In his 2000 book Bowling Alone, sociologist Robert Putnam famously declared that “[i]f you smoke and belong to no groups, it’s a toss-up statistically whether you should stop smoking or start joining.”  This is obviously a provocative phrase, especially for the contingent of public health stakeholders that are undeniably a large part of Putnam’s current audience.

Putnam is one of the world’s foremost experts on the idea of social capital, which focuses on “social relations that have productive benefits.”  The concept is both highly contested and yet is generally regarded as extremely important in clear thinking about health inequities and the social determinants of health. Continue reading

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The Immense Benefit of Applying to One More College – A Natural Experiment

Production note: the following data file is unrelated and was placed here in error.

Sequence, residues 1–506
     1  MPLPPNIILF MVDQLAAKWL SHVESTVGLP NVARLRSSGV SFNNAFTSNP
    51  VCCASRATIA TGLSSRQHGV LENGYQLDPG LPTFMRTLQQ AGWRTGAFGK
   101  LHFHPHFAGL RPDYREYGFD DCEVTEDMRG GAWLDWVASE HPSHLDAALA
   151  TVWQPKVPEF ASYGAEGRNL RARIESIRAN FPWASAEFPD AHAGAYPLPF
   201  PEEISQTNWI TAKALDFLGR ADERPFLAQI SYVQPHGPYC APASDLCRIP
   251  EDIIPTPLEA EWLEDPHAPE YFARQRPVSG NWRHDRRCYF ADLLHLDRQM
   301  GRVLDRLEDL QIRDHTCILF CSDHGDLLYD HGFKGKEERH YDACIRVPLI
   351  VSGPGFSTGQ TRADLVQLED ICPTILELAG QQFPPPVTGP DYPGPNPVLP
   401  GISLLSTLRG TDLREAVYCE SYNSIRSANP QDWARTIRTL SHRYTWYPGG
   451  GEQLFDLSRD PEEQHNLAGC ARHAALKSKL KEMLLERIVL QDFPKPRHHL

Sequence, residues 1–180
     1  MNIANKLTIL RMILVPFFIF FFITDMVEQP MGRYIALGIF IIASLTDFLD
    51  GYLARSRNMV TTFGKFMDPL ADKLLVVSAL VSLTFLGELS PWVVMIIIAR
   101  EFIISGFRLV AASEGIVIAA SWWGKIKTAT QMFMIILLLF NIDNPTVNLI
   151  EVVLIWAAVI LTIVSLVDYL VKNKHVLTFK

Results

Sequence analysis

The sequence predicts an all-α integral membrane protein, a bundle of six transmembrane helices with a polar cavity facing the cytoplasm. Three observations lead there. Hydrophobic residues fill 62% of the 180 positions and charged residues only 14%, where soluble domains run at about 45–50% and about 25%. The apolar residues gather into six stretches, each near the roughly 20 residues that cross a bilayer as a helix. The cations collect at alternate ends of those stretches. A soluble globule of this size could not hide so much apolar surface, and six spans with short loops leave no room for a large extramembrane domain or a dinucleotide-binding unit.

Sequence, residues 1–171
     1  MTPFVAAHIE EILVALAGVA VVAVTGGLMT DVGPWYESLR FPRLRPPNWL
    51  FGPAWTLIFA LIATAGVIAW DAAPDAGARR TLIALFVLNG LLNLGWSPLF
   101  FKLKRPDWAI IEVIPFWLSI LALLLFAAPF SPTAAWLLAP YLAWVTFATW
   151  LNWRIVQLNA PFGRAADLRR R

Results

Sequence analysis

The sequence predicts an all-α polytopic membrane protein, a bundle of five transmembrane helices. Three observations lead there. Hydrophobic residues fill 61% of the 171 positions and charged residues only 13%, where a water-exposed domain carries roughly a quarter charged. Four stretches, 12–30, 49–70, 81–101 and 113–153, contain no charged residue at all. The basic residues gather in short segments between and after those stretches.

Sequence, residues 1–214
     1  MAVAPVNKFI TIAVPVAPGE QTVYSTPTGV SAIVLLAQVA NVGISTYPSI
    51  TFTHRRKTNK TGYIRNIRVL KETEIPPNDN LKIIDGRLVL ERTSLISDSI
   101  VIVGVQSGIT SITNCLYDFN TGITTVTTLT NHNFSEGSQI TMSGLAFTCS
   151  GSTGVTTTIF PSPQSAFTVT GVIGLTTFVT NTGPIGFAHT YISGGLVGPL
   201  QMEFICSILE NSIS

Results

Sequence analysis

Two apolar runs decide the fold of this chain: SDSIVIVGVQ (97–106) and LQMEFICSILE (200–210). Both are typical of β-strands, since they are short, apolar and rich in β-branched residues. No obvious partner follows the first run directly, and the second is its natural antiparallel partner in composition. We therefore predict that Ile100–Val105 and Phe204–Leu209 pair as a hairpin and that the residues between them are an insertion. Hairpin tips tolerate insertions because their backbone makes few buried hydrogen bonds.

UnknownA college degree is more than a wall ornament – it represents immense financial benefits for graduates. These rewards have become even more apparent during the long financial downturn, which have seen widening wage and employment gaps between college graduates and those with only a high school degree. Studies also illustrate that getting students to attend more selective colleges puts them on a trajectory to perform better in the labor market after graduation.

In spite of the benefits of college, low-income and minority high school graduates are much less likely to attend any college – and selective colleges specifically – than are higher-income, white counterparts that have similar test scores and grades. Encouraging more disadvantaged youth to increase their application pool turns out to be a very inexpensive way to increase their college attendance rates and attendance of selective colleges in particular.

In a recent paper, Amanda Pallais studies the effect of a change to the ACT, a popular college entrance exam, that increased the number of free score reports sent to colleges from three to four starting in the fall of 1997. Continue reading